Faculty Spotlight: Maria Isabel Kalbermatten Posted on February 28th, 2024 by

Maria Isabel Kalbermatten (Modern Languages, Literatures, and Cultures) co-authored the article “Tato Bores, Monólogo 2000: carnaval, sátira política y destrucción de la autoridad” (In Spanish) with Alicia Ocampo. Examining the discourse of the renowned Argentine humorist Mauricio Benjamín Borensztein (1927–1996), known as Tato Bores, the authors delve into his iconic televised political monologues from 1957 to 1993.

Tato Bores: The Carnival of Political Satire

Kalbermatten and Ocampo assert that Tato Bores operates within a carnivalesque and inherently egalitarian realm, vividly brought to life by his distinctive costume of a tailcoat, wig, cigar, and glasses. They emphasize the varied rituals at the beginning and end of each performance, illustrating how Tato subverts the hegemonic authority of official monologic discourse through sharp political satire and the dialogical organization of his monologues.

Rituals of Subversion: Examining Monólogo 2000

The study delves into the analysis of the renowned Monologue 2000, presented in 1990, where Tato Bores humorously and critically revisits the political events of the preceding 30 years of Argentine history. Incorporating insights from satire scholars Rachel Caufield, George Test, and Mikhail Bakhtin’s carnivalesque concept, Kalbermatten and Ocampo unravel the nuanced layers of Bores’ subversive strategies.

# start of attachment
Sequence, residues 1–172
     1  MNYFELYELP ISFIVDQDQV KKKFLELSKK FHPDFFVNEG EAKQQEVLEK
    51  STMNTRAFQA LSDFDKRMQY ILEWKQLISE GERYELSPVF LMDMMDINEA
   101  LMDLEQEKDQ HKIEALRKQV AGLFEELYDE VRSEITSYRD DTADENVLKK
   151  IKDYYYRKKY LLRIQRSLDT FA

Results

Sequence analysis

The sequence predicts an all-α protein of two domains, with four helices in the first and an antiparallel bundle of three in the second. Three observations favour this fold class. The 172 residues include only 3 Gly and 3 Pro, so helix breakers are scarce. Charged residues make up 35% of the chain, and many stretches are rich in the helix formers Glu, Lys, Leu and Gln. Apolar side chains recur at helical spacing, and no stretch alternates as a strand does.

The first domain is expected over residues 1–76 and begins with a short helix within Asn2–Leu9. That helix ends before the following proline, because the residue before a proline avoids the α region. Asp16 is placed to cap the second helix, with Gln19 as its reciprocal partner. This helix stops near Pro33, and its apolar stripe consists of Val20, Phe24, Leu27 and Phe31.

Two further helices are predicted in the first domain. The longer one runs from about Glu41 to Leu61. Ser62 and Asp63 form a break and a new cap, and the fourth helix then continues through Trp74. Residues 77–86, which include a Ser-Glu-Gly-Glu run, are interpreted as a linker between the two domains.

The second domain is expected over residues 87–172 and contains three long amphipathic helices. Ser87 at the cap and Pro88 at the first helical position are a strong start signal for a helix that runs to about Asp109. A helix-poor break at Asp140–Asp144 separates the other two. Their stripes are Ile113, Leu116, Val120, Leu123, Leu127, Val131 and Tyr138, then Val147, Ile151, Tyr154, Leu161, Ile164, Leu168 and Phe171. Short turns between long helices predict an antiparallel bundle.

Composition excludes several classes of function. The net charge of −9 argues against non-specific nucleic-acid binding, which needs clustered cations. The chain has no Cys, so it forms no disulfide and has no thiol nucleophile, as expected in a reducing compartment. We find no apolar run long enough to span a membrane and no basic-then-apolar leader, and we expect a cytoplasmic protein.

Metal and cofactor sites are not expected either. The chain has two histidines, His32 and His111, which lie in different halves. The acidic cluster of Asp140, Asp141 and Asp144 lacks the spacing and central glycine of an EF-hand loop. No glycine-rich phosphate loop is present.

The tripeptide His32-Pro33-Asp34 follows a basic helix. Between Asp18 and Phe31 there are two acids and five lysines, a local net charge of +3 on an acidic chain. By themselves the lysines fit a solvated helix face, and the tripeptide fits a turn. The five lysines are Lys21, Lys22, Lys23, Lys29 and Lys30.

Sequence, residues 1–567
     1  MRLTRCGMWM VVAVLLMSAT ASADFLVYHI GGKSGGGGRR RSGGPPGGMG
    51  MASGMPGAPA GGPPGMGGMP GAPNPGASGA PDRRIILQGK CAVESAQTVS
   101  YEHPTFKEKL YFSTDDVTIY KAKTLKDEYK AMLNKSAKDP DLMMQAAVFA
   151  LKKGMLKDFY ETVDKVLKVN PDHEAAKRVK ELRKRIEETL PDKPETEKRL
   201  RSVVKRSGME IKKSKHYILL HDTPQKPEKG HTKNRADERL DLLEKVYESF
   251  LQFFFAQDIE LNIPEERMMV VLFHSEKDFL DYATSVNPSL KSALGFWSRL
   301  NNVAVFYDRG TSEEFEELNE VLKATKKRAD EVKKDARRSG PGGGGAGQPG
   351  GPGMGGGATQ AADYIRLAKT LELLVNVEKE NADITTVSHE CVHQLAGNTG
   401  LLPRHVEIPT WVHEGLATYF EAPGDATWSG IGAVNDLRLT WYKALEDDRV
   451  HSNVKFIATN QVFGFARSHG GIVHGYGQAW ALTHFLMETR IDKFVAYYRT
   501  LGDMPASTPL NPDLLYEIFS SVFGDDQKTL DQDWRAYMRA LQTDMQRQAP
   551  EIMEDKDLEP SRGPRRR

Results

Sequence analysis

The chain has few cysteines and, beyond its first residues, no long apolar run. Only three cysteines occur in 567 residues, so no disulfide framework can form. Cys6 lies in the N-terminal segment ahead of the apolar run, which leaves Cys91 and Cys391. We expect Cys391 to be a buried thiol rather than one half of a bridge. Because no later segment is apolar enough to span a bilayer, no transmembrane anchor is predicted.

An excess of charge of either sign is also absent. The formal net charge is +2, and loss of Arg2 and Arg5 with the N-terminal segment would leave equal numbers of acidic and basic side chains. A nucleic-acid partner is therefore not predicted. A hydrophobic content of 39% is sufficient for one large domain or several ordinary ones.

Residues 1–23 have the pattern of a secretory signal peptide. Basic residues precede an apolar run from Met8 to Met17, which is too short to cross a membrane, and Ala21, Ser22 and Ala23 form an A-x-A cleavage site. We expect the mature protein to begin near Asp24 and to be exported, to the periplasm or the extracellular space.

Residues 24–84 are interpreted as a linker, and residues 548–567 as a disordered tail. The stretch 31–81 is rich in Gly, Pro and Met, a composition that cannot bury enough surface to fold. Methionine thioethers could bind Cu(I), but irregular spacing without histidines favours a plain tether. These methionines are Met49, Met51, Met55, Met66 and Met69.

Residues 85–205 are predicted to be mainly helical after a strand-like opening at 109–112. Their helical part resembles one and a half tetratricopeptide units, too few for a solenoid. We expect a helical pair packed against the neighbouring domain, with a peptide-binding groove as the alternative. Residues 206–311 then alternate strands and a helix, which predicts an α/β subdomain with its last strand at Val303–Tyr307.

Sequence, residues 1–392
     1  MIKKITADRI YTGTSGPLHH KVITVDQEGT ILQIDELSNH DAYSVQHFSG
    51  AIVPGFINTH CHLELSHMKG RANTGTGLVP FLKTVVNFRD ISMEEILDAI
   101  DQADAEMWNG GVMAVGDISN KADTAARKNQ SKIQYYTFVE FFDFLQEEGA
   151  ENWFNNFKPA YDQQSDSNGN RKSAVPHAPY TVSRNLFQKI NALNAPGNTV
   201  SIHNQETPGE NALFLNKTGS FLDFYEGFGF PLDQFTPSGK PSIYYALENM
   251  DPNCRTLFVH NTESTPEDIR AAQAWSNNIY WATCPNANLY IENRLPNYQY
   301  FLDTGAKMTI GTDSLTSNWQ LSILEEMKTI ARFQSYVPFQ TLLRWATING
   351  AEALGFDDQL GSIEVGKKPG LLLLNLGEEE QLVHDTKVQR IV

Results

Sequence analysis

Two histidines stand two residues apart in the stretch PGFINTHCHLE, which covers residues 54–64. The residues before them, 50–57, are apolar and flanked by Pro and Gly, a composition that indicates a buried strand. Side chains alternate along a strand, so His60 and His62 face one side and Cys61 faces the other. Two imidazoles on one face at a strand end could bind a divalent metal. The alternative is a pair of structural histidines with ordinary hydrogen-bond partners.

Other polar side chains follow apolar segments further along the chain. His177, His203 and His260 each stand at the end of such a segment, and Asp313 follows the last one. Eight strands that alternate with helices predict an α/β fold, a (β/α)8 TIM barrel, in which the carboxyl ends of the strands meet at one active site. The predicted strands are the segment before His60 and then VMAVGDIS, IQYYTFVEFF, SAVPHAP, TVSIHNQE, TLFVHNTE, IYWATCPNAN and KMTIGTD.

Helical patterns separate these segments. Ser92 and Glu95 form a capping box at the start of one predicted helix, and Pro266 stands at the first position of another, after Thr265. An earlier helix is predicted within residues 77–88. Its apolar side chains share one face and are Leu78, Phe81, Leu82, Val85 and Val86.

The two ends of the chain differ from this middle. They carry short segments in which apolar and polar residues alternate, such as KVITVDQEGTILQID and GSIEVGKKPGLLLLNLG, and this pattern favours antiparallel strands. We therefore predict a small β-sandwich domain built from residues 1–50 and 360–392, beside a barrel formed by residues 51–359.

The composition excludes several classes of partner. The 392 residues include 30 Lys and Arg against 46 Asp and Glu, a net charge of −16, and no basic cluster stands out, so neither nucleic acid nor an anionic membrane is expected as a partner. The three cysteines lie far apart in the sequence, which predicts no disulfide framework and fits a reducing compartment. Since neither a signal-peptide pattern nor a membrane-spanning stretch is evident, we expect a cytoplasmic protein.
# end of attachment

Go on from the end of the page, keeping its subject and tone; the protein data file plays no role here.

Dialogical Organization and Satirical Techniques

Meticulously exploring Tato Bores’ dialogical organization and satirical techniques, Kalbermatten and Ocampo reveal a nuanced deconstruction of authoritative structures within the carnivalesque realm. They highlight Bores’ strategic use of a dialogue-driven approach, transcending traditional monologues and creating space for alternative perspectives. Bores’ satirical techniques, infused with sharp political humor, fortify his subversive agenda by exposing contradictions and absurdities in the political landscape.

“Humor bajo autoridad”: HIOL Publication

Featured in the volume “Humor bajo autoridad” published by Hispanic Issues On Line (HIOL), their research contributes significantly to the open-access, peer-reviewed scholarly electronic publication from the Department of Spanish and Portuguese at the University of Minnesota. HIOL serves as an international platform for exploring Hispanic and Lusophone cultures, fostering new research and addressing contemporary issues in these disciplines.

Final Thoughts

In conclusion, Kalbermatten and Ocampo’s exploration of Tato Bores’ carnivalesque subversion in “Monólogo 2000” sheds light on the multifaceted strategies employed by the Argentine humorist to dismantle authoritative narratives. By blending sharp political satire with dialogical intricacies, Bores not only challenges prevailing norms but also erodes the foundations of hierarchical power structures. This study, encapsulated in the “Humor bajo autoridad” volume of HIOL, significantly contributes to the scholarly discourse on political satire, emphasizing its pivotal role in questioning and reshaping societal perceptions of authority.


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